A Reminder that this month’s mini writing competition prompt is ‘The Good Samaritan’ and all entries are welcome – either flash fiction of 500 words or under or poetry. Entries should be posted on the designated June Mini Monthly Writing Competition page of the website.
Here is my attempt 🙂
I know I shouldn’t be here. Everyone has heard the stories about this part of town. But I don’t care. Truth is, it’s hard to feel anything after what happened to Ethan.
I picture Ethan lying in intensive care hooked up to all those wires but I chase the image away as quickly as it arrived and continue on. I have to see for myself where it happened.
The street is not well lit and what few lights there are have been vandalised so I have to take my bearings from the dirty orange glow seeping under the door of ‘The Hounds of Hell’. Not quite your friendly neighbourhood pub and certainly not a place that a lone 30 something female should be anywhere near.
Despite my current frame of mind I catch my breath. I may be numb to my emotions, but I am not blind and know I should come back during the day. Still, I’m here now.
In the pub it may be World War III, but out here it is quiet, still. Nobody exists apart from me. I feel suddenly weary and lean back against the wall. Letting my eyes close I massage my temples.
Something brushes against my shin and I jerk to attention. It’s nothing, just a stray cat. I settle back waiting for it to get bored and leave. It doesn’t. If anything it tries harder to get my attention, then eventually wanders off into the alley. Even I’m not reckless enough to follow it down that yawning black hole and, with a sigh, I prepare to move on.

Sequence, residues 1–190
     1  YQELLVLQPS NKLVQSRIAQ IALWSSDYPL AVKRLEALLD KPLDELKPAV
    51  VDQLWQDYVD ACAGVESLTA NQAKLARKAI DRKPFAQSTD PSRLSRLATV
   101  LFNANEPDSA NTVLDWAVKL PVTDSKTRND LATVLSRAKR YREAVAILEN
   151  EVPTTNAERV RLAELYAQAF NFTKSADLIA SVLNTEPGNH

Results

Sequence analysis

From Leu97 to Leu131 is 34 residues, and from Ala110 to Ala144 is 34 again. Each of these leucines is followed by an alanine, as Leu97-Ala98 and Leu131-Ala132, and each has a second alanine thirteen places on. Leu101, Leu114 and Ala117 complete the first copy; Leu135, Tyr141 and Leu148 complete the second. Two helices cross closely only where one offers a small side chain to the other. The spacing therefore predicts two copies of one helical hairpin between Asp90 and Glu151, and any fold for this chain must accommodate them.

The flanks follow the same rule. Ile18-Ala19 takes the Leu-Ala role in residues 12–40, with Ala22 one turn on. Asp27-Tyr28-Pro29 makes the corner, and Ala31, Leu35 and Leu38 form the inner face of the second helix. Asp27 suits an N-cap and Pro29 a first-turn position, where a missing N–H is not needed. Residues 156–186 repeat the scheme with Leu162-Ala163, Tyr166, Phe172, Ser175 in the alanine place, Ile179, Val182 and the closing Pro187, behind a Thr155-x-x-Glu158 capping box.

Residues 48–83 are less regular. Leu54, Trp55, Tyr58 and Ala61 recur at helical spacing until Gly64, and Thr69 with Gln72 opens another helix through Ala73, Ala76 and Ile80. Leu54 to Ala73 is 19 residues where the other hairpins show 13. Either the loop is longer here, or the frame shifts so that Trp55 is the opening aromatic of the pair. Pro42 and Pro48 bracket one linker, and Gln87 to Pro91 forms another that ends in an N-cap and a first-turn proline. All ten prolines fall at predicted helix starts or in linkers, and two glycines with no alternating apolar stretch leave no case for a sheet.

The cat’s back with pleading eyes. Why do we do that? Apply human emotions and attributes to animals? But then I hear it. A low murmur. I am not alone. I gingerly peer around the corner and can dimly make out the shape of a dumpster surrounded by a pile of rubbish. I jump as part of that rubbish comes to life and rolls over with a groan.
With a final glance around I start towards the figure until I’m standing over it and can make out a steady drip, drip, pooling into a puddle under its head. Taking out my phone I use the light from the screen to assess the situation. His eyes are half shuttered and barely register my presence. How long has he been here bleeding slowly into the night?
Crouching, I gently shake him and see his consciousness struggle through a fog until his eyes find mine.
“If I help you can you stand up?” I ask.
He groans again. “Don’t get involved. They may come back. I’m not worth it.”
“You need help.” I reply.
“It’s not safe for you here,” he mumbles and I sense him fading. Suddenly it’s not a random stranger lying there anymore, but Ethan. My Ethan. Somehow I hook his right arm around my neck and heave him upright.
A pair of green eyes watch our tortuously slow progress back out of the alley.